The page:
It's best to limit the amount of text you use on the flap. Remember, your readers have short attention spans and they probably aren't fully invested in reading your brochure just yet, so try to use powerful, stunning visuals along with short snappy, calls to action to encourage further reading.

03. The contents

The contents page's primary purpose is to be clear and informative

Now that you've captured your audience's heart and souls, it's time to work on their brain. The brain of your brochure is the contents - the pages in between the front cover and back panel after the flap. With your readers emotionally stimulated, the next step is to present your message or offering in detail and drive it home.

Brochures are created for a number of purposes. The reasoning behind most corporate or commercially orientated brochures is to increase awareness, drive sales or encourage repeat purchases. Once you've fully understood the purpose of the brochure, you'll be better place to decide how to arrange the contents, especially in terms of hierarchy.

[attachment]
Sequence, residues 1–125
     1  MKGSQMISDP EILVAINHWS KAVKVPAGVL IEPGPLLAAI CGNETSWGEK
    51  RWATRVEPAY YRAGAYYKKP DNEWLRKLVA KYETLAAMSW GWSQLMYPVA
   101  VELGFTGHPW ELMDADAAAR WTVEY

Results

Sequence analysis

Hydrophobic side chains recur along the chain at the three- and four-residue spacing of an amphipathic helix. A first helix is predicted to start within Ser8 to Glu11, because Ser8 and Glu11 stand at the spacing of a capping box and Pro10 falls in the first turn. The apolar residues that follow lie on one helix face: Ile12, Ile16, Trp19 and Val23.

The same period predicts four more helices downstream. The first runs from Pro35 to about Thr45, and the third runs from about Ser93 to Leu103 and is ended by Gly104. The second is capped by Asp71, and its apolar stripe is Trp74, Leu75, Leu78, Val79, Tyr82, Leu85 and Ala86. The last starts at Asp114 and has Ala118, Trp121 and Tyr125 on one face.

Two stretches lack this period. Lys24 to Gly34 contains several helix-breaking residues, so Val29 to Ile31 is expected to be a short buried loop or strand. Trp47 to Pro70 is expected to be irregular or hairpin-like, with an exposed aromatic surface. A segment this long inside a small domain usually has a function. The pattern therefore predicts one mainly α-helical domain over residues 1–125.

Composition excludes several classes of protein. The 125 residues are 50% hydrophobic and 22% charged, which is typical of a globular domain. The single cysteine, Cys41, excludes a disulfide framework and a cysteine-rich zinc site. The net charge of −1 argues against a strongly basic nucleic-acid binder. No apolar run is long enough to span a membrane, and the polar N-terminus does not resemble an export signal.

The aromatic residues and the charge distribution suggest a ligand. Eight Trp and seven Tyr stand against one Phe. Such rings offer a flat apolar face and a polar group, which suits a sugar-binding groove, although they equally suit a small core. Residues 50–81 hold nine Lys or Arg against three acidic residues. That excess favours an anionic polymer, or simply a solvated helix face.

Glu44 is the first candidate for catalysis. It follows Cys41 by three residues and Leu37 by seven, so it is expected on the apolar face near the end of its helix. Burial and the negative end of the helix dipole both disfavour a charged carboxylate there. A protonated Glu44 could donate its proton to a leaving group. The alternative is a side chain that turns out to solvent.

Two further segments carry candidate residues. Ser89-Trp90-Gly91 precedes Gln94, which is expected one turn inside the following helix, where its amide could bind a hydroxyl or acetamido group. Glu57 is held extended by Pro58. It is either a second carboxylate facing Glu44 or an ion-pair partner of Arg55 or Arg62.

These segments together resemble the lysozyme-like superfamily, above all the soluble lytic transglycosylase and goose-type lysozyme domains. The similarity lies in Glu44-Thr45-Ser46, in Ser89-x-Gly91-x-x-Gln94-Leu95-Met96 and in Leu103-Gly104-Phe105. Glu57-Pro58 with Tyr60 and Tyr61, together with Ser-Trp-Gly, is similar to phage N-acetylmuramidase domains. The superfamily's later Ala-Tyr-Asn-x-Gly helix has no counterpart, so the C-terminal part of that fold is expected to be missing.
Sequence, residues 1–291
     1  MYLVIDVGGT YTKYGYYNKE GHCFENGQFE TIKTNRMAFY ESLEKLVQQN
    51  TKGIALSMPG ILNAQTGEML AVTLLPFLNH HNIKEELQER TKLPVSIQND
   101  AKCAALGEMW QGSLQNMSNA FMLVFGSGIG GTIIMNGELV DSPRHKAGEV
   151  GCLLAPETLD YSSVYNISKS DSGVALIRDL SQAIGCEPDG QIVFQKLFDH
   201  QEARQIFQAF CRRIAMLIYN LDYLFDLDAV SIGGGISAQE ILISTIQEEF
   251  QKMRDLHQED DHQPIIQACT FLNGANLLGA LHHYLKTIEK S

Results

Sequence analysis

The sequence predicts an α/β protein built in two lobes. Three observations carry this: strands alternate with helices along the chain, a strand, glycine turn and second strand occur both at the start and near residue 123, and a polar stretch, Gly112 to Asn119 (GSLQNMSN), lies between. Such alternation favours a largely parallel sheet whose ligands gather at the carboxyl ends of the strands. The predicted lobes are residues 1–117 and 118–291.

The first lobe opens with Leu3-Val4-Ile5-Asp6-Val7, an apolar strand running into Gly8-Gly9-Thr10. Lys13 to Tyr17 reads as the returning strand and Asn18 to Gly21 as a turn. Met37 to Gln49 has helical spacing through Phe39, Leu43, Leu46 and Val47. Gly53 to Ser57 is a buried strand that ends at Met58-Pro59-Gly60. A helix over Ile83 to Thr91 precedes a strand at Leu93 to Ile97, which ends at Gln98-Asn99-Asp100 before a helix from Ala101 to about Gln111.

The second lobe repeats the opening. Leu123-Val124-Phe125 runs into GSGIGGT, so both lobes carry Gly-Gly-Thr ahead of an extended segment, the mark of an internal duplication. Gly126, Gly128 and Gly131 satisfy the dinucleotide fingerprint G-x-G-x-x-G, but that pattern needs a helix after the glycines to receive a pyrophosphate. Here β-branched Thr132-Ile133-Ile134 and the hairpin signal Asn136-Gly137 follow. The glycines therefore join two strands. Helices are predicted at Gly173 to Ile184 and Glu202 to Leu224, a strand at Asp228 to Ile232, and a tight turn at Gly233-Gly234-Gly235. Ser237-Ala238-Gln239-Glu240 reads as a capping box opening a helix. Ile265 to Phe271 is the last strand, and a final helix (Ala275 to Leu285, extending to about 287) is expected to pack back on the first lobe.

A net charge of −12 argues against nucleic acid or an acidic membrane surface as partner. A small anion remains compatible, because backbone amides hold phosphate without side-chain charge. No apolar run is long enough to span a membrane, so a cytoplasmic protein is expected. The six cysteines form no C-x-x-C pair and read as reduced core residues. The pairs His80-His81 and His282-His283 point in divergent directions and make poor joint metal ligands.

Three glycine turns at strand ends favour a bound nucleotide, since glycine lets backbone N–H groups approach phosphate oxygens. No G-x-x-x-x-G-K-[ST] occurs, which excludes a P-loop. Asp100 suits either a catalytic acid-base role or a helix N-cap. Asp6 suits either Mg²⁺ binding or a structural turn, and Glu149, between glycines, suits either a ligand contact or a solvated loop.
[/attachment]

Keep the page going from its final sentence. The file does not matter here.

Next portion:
04. The back cover ('wallet')

After your reader has progressed through your brochure to the back cover, it's time to hit them with a well thought-out call to action. The back cover of your brochure is affectionately nicknamed 'the wallet', because its the perfect place to ask your reader for some money...

You've done the hard work and not only captured your reader's attention, but delivered value to them – you've now earned permission to ask for something in return, as reciprocity dictates. Here are some common 'wallet' call to action ideas:

  • Asking your reader to 'like' or 'follow' your social media platforms
  • Prompting the reader to use a specific discount code to gain money off one of your products or services
  • Asking the reader to call or email you directly
  • Giving the reader a reward if they visit you in store

05. The lips

The 'lips' is crucial for continuing the relationship with the reader